Geographic patterns of adaptive variation in interior spruce and lodgepole pine in Western Canada

K Liepe, A. Hamann, P. Smets, C. Fitzpatrick, S.N. Aitken

In western Canada, both interior spruce (Picea glauca, Picea engelmannii, and their hybrids) and lodgepole pine (Pinus contorta) are important commercial forest tree species. However, a changing climate may lead to mal-adaptation and thereby decrease forest productivity and threaten forest health. Assessing the adaptive characteristics of populations within these species is important for the development of forest management strategies to match reforestation stocks with predicted future climates. This research, conducted as part of the AdapTree project, investigates phenotypic variation of lodgepole pine and interior spruce at the landscape level. Seeds were collected in British Columbia and Alberta from over 250 locations, germinated and grown in environmental chambers with four different temperature and moisture regimes. Phenotypic traits (i.e. height, diameter, budbreak, budset and cold hardiness) were measured to investigate variation among sampled populations. Central objectives in the analysis are to: 1) assess phenotype-climate correlations and 2) examine geographic patterns of phenotypic variation to then 3) determine groups of populations having similar phenotypes as the basis for seedzone delineations. Phenotypic traits will also be used in future genome-wide association studies to determine the genomic basis of local adaptation to climate.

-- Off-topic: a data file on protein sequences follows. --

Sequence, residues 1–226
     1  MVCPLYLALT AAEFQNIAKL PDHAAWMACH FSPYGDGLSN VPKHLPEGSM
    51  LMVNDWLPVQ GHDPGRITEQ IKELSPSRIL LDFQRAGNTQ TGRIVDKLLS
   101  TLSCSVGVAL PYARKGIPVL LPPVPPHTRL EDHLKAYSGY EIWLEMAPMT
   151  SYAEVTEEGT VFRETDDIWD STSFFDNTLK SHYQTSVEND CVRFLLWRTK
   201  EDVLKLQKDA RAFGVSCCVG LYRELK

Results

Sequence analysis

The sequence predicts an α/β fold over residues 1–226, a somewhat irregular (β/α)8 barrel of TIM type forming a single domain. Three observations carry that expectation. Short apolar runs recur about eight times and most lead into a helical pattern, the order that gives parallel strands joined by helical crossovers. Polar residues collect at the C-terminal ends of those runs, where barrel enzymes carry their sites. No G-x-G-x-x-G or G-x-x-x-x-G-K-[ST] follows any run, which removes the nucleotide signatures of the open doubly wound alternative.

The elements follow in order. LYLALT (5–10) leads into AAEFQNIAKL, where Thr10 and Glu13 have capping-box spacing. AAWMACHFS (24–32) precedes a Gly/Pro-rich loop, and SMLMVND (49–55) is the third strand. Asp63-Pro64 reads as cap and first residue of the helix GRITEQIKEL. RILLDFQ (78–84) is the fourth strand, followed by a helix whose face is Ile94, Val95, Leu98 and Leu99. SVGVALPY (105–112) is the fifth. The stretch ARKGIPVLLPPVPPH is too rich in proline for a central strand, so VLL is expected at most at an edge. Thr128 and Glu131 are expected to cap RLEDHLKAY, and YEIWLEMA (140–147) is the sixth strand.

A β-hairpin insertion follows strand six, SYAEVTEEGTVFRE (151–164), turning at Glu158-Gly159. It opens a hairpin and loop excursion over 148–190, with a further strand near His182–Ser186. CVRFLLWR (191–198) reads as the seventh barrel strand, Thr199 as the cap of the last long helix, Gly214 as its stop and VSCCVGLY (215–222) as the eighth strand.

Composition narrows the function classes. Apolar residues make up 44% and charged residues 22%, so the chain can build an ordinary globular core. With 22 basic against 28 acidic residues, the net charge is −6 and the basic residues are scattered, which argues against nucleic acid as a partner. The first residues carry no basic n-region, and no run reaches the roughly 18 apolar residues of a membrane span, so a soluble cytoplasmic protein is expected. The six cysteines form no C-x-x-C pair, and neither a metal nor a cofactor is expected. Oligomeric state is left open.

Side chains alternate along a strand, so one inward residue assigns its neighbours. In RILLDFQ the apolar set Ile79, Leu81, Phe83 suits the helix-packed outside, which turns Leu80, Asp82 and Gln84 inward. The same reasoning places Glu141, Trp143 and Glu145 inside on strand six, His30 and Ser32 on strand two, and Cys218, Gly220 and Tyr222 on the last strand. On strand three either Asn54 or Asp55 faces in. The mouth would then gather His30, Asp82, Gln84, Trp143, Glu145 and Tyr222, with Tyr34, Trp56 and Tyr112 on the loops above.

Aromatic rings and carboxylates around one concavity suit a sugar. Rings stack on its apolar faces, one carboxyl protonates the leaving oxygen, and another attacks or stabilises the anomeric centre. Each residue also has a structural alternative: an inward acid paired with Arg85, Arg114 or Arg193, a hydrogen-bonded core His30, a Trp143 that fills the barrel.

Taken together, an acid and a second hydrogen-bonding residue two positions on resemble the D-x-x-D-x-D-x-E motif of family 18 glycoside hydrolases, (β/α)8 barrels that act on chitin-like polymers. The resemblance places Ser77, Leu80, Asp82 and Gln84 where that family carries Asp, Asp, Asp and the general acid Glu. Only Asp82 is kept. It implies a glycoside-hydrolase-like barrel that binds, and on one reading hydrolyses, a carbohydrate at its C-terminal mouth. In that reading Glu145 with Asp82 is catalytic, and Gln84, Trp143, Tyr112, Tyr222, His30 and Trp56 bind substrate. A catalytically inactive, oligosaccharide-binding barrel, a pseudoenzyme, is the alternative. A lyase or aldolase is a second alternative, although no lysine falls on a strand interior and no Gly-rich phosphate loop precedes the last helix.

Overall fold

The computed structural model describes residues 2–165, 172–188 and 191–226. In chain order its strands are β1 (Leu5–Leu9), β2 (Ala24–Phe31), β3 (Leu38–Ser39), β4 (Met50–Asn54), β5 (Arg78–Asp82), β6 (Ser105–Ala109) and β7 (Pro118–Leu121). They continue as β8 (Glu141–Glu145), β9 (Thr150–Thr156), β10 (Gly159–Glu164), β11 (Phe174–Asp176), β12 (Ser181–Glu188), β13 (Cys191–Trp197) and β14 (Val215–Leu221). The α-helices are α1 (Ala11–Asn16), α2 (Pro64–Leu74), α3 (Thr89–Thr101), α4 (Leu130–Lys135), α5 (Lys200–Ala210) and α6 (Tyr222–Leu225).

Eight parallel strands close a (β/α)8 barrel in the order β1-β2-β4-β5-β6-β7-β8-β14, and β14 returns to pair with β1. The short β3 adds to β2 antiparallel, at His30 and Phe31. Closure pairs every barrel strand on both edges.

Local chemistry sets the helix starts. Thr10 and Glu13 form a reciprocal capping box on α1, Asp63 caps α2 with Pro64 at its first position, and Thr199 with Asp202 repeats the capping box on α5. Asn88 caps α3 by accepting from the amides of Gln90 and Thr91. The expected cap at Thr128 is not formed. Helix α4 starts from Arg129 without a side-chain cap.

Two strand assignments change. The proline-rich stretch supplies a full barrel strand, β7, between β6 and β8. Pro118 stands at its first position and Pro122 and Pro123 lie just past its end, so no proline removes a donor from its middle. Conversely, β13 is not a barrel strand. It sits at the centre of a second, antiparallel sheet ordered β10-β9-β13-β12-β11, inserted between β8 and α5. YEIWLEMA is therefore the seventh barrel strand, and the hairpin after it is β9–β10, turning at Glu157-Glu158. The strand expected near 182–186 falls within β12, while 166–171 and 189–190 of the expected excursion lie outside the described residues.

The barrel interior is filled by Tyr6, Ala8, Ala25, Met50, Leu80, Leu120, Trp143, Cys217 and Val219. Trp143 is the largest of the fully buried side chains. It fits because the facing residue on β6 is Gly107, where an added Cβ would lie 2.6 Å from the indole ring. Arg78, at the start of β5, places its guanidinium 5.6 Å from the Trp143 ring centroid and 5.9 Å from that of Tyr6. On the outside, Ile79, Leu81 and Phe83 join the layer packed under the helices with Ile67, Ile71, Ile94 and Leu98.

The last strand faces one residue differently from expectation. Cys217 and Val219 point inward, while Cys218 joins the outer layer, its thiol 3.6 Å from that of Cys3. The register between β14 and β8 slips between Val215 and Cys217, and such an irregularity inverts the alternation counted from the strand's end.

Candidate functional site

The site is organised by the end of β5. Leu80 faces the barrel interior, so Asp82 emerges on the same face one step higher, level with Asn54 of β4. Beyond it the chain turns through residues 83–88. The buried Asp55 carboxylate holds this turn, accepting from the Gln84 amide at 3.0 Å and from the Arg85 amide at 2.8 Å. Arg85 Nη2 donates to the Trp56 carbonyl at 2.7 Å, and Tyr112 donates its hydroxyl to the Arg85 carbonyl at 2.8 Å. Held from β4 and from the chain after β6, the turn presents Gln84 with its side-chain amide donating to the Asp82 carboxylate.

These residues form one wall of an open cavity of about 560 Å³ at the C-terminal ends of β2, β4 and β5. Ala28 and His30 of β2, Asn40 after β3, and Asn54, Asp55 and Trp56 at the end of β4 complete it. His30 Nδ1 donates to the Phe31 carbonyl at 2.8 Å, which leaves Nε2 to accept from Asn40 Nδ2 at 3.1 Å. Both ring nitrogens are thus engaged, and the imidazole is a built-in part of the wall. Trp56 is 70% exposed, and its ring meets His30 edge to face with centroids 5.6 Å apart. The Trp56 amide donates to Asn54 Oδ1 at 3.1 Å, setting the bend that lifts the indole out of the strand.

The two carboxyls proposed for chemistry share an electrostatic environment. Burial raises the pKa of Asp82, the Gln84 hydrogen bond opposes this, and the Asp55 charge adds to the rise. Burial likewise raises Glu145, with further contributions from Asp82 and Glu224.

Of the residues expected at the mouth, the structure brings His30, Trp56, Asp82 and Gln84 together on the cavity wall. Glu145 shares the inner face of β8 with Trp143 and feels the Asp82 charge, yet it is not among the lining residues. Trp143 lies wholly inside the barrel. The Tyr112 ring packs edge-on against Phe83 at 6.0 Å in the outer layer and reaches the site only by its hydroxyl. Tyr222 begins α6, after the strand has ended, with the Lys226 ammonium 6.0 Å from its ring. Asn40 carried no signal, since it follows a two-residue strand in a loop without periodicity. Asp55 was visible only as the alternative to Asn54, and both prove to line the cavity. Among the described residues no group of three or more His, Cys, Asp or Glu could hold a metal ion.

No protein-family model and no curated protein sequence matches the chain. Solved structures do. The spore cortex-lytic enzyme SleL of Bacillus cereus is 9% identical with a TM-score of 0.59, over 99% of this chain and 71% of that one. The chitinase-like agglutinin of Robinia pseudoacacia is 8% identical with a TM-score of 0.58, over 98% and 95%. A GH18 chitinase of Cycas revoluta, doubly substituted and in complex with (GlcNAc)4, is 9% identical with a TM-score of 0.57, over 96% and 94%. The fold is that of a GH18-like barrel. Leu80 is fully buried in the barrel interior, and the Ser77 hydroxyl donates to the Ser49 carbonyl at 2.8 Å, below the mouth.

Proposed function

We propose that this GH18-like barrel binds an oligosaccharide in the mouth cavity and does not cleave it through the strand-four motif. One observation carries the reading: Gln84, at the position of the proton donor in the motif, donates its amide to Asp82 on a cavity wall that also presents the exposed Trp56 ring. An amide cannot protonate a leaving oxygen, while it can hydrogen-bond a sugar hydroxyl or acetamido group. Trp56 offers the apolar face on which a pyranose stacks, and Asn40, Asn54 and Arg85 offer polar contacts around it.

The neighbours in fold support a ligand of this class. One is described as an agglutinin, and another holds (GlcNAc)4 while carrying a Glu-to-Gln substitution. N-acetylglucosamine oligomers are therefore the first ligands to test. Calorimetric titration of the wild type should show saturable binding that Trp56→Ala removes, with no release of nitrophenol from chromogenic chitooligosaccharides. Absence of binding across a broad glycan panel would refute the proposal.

Individual climate variables could explain between 5 and 25% of the variance in measured growth and adaptive traits. Variables such as mean warmest month temperature and growing degree-days best explained variance in growth, whereas variables related to winter temperatures correlated best with cold hardiness. Geographic distribution of phenotypic variation in interior spruce indicated a separation of cold hardy populations east of the Rocky Mountains from susceptible populations in the west. The most rapid growth was observed for seedlings originating from the interior valleys of British Columbia. High elevation interior spruce populations were distinguished by late budbreak and early budset. Lodgepole pine showed similar patterns with the exception of a few frost hardy and simultaneously well growing populations from Alberta. Provenances from Pinus contorta ssp. contorta the BC coast stood out from interior ssp. Iatifolia with late budbreak and high susceptibility to frost. Multivariate partitioning of genetic variation using a regression tree approach suggests 11 seed zones for interior spruce and 9 seedzones for lodgepole pine that account for 18% and 14% of the total observed phenotypic variation, respectively.